You have galleries in New York, Melbourne, Moscow and Dubai, to name just a few. Do you tend to send specific pieces to certain parts of the world, because you know they will sell? Taste in art must change, no?

Not as much as you might think. We find that at the end of the day, every gallery sells more or less the same. This proves that there is a global taste in art. Having said this, of course there are a few pieces that do better in some regions, but overall it's more or less the same worldwide. Good taste is universal.

So art connoisseurs in Dubai want the same thing as those in New York?

Yes, although there are differences when it comes to sizes of the paintings. In countries and cities where there are quite small apartments, you see smaller-sized art sold. In Australia, there are a lot of big houses and so we sell very large paintings. We've yet to see what Dubai is like, as there are both big and small places to live.

Where do the artists come from? Do you source talent from different regions?

A large amount of our artists come from Europe. LUMAS started there, so it's no surprise we have many contributors from that region. But we have dedicated curators who look out for talent in each region. For example, our bestselling artist at the moment is from Canada. It's important for us to grow internationally, and get deeper in to local markets. Our curators travel to all the shows all around the world, to find new talent. Currently, we have 400 to 500 artists on contract. Can you imagine how much work it is to deal with all those people? They are artists. They are creative people. They can sometimes… let's say they can think differently than others.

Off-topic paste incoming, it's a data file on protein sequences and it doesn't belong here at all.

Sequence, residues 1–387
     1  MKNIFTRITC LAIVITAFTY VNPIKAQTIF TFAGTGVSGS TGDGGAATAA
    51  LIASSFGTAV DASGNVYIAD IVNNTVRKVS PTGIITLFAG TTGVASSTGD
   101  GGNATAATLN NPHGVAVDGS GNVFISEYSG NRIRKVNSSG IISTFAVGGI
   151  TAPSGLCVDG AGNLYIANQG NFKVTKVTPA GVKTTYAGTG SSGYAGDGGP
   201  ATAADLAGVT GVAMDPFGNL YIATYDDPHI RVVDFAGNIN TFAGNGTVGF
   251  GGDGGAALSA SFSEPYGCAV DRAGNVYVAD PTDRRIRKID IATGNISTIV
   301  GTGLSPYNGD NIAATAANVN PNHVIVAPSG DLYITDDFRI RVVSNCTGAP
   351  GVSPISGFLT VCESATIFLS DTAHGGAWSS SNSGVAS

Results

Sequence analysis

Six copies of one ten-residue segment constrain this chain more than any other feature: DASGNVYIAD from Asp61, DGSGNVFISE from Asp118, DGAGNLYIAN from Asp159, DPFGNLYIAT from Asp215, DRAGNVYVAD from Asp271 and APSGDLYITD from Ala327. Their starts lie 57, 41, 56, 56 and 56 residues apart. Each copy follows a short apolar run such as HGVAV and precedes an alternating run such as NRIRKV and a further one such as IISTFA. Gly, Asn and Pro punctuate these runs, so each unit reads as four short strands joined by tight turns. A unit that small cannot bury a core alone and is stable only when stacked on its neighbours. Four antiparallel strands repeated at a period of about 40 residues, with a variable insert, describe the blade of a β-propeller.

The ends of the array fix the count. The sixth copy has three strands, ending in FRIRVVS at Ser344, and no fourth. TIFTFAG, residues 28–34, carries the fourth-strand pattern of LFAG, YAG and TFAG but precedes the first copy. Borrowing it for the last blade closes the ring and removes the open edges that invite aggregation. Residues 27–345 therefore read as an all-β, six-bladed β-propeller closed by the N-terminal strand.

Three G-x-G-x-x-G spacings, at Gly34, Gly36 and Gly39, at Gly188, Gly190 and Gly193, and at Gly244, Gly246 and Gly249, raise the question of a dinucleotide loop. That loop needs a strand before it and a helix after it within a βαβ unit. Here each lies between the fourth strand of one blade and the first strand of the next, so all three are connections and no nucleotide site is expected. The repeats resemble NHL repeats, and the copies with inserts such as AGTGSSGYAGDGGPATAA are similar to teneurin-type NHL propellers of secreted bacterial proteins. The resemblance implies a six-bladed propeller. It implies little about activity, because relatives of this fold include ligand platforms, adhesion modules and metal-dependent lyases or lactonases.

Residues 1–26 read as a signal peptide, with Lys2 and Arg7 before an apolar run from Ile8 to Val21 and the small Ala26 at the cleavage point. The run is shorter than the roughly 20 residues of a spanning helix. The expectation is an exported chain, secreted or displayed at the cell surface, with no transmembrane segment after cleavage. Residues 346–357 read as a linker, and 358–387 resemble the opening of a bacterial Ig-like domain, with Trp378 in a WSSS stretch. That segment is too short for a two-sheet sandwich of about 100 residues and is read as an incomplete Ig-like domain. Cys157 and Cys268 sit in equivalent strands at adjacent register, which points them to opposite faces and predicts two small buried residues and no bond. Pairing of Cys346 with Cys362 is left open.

The last time I visited an art gallery, the first thing I saw was people taking pictures of the art with their phones. Obviously, they were putting it up on Instagram and sharing it with the world. Social media exists, and you no longer have to search out galleries to see beautiful pictures, they come to you via social media. Has the role of an art gallery shifted because of that?

Well, you can't hang your mobile phone on the wall, right? Ultimately, the world is full of beautiful pictures, but just because you have a nice image does not make it art. We have a lot of starting collectors, and part of our job is to educate them on what is important. Having a certificate of proof, having a hand-signed and numbered piece. One of the pleasures of having true art is showing it to other people, but not via a smartphone but in person. You can tell a small story about it, where you bought it, what the artist's inspirations are. There is easy access to this stuff online – LUMAS alone has over 100,000 Facebook fans – however we have seen this has only made our followers want to own a real piece themselves.

Over the past few years, luxury has gone a lot more bespoke. Is that what's going on in the art world? People want to own something that is unique to them?

One hundred per cent. It's exactly that.  Look at watches, with only 100 pieces worldwide. Look at suits, and Savile Row. Of course, with art you also get to choose your own frame. You get to choose where you hang it, and what goes around that piece of art. That not only makes it unique, it makes it special just to you.